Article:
When Charlotte Ballet brings the works of William Shakespeare to the stage for its Innovative Works series, it won’t look like a traditional adaptation or story ballet. Instead, the production’s creative team — choreographers Stephanie Martinez and Peter Chu and UNC Charlotte professors Dr. Andrew Hartley and Dr. Lynne Conner — will take concepts from various Shakespeare plays and use those as a springboard to ask questions and explore new ideas.
“I wanted to encourage contemporary choreographers to work with narrative and text and pair them with experts in this field,” says Hope Muir, artistic director at Charlotte Ballet. “The Shakespeare element was decided upon because of the vast content of writing available and the opportunity to explore complex themes through dance. I was very interested in pairing the choreographers with collaborators who would help to access the text and find new and exciting ways to tell stories through dance.”
When Muir joined Charlotte Ballet in late 2017, Ken Lambla, founding dean of the College of Arts and Architecture at UNC Charlotte, was on the company’s board and suggested Muir connect with Hartley, the Robinson Professor of Shakespeare Studies, and Conner, chair and professor of the department of theater, to discuss a potential collaboration.
For Innovative Works: Shakespeare Reinvented, which runs Jan. 25-Feb. 16, Muir paired Chu with Hartley and Martinez with Conner to examine The Bard’s work and create a bold, daring production.
In “Let Be,” Chu and Hartley will explore the development of the character Hamlet from his moments of “moving from a sense of internal, personal crisis and conflict to a kind of peace,” Hartley says.
“It’s in terms of trying to deal with issues of depression — melancholy is the Shakespearean word for it — and working through those kind of inner conflicts toward a state of harmony and using the text and using a chunk of Hamlet’s own journey of character to inform that trajectory,” Hartley continues.
As Chu and Hartley dove deeper into the notion of melancholy, they discovered similarities between the Shakespearean interpretation of the condition and practices in Chinese medicine. That connection helped lay the foundation for the type of movement in the piece.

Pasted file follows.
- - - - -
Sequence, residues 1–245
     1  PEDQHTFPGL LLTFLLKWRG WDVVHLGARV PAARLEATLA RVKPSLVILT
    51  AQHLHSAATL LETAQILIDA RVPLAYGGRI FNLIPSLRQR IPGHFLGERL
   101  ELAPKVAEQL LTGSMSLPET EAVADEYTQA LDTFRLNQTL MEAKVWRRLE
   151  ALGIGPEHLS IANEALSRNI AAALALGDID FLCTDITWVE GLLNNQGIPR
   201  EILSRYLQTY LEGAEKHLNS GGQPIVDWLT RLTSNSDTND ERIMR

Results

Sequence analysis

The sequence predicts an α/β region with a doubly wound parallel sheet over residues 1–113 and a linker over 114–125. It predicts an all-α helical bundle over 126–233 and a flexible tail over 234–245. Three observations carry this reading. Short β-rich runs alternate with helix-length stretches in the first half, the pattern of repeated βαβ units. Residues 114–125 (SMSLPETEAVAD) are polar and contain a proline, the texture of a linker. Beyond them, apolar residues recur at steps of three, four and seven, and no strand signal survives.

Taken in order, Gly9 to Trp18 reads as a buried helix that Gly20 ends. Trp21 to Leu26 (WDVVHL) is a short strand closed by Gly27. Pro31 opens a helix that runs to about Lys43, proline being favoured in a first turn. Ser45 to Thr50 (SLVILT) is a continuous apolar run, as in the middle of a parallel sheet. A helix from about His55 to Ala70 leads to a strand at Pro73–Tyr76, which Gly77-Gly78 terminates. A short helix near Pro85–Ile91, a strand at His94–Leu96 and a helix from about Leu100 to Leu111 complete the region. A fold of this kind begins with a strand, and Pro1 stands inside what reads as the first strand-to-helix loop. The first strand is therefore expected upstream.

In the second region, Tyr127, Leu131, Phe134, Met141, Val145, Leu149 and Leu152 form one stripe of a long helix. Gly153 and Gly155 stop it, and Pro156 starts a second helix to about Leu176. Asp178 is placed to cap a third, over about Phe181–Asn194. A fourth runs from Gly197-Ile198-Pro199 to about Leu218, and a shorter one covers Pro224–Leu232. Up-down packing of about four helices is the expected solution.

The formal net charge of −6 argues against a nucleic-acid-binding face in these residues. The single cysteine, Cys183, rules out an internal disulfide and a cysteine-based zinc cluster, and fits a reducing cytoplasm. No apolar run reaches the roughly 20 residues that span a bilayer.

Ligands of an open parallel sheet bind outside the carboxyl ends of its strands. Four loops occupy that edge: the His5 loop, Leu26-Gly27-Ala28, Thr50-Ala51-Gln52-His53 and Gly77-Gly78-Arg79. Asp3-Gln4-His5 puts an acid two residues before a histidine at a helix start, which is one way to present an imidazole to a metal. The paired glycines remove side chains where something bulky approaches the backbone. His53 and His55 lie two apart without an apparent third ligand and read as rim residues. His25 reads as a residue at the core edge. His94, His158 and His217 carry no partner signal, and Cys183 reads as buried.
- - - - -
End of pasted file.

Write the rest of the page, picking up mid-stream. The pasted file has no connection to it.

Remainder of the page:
“It looks a little bit like Tai chi,” Hartley says, “because it’s very driven by notions of different parts of the body and their relationships to animals and their function within the body and the temperament of the individual and so on. These things work together in the piece, and I think it’s a really innovative and striking, original approach.”
While that pair’s piece focuses more on internal conflict, Martinez and Conner will explore the social concept of gender in “Unsex Me Here.”
“Our piece mixes images and characters from Macbeth, Romeo and Juliet, The Taming of the Shrew and A Midsummer Night’s Dream with contemporary references in order to explore gender stereotypes, gender fluidity, gender misconduct and the cultural codes for masculinity and femininity — all in the context of questioning the ‘rules’ about how men and women are supposed to behave,” Martinez says.
“Shakespeare had pretty clear ideas about that, obviously, because he was a person of his time,” Conner adds, “and so what we’re doing is exploring that through these four couples in the four different plays. But we move back and forth through time, really, in terms of our references. So some of our references are very 21st century, and some are Elizabethan.”
For Conner, the avant-garde nature of Innovative Works has given her the freedom to take risks and chances in the collaborative process while “going outside of the normal patterns of building ballet.”
“It’s been a real experiment,” she says. “This takes me out of my usual working mode, and it’s taken Stephanie out of her usual working mode. So that’s been incredibly exciting, sometimes really hard, a little bit scary and frankly exhilarating.”